However, the degree and kind of openness vary and any kind of openness comes at the expense of control, and some effective ecosystems are comparatively closed with respect to either new participants or data and intellectual property.
A third myth is that an ecosystem is a supply chain. Frequently, ecosystems are thought to be a synonym for supply chains, but this ignores the fact that power no longer resides at a summit in value chains. Rather, it is at the centre of networks. As such, collaboration has become the new commercial advantage. Value is no longer a target for withdrawal, but an essential quality for connection.
In sum, when one comes to consider ecosystems, the ambition to manage in a stable manner is all but past and must instead be replaced by a readiness to manage for almost never-ending disorder and disruption.
As such, it is worth considering the hidden potential to deal with this situation lies within every company, observing that every corporate, every firm is also a social network, a body of already existing ecosystem interactions and meeting points on which companies might usefully build. This adds force to the acceptance of the fact that ecosystem work best when they draw upon and are adaptive to specific environments.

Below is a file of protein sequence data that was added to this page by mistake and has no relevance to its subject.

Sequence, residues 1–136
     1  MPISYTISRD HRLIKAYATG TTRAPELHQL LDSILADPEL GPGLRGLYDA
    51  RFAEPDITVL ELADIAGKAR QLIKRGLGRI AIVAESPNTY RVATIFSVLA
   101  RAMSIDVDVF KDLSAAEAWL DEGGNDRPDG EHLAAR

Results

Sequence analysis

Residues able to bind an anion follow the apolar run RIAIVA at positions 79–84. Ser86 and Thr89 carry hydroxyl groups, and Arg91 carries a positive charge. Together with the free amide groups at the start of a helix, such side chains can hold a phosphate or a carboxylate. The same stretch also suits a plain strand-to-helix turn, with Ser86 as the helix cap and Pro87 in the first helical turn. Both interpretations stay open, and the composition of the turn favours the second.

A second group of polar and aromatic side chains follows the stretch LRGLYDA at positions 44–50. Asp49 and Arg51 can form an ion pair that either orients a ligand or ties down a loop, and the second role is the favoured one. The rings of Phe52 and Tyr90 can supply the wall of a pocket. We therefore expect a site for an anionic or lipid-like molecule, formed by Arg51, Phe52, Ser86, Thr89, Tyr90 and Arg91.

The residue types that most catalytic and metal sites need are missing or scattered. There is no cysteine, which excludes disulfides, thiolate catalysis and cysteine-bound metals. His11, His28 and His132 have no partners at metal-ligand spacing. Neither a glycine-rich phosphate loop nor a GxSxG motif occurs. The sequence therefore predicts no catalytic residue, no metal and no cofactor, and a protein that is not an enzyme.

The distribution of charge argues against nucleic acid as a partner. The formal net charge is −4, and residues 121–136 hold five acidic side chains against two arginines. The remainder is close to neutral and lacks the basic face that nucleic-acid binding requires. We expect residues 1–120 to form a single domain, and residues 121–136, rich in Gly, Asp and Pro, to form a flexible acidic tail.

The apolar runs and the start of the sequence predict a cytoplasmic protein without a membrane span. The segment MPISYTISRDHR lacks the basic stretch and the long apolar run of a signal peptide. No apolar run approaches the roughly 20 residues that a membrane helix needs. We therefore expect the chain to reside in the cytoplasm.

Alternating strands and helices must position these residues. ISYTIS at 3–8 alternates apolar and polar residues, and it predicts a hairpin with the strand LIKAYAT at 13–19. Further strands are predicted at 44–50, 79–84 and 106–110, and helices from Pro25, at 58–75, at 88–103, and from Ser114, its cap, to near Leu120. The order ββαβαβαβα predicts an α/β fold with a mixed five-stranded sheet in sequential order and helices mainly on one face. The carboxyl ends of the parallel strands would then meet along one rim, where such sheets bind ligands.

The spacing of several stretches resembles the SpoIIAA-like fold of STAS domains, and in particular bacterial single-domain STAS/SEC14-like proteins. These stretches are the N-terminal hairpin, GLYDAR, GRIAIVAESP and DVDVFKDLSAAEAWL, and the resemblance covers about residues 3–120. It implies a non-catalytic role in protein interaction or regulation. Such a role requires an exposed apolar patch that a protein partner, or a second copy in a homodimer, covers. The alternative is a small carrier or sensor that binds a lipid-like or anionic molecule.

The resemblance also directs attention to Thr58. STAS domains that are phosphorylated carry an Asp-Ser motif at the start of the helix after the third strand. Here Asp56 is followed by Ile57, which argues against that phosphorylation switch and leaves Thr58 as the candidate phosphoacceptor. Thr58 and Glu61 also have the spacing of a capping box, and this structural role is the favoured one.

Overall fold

Within the context of scalability, and the changeable nature of terms and definitions when discussing ecosystems, Professor Jacobides makes an important observation: “You can’t say, ‘I’ve got my ecosystem strategy. I have a wonderful set of PowerPoints. Anyone who wants to look at them, go to the shared documents, download it and read it.’ Instead, your ecosystem needs to be adjustable because you are responding to the needs of the environment, but so is everyone else.”
Read the article, ‘The Myths and Realities of Business Ecosystems’ (MITSloan Management Review, 25 February 2019), at MITSloan Management Review.
Read ‘Towards a theory of ecosystems’ online.
Source: London Business School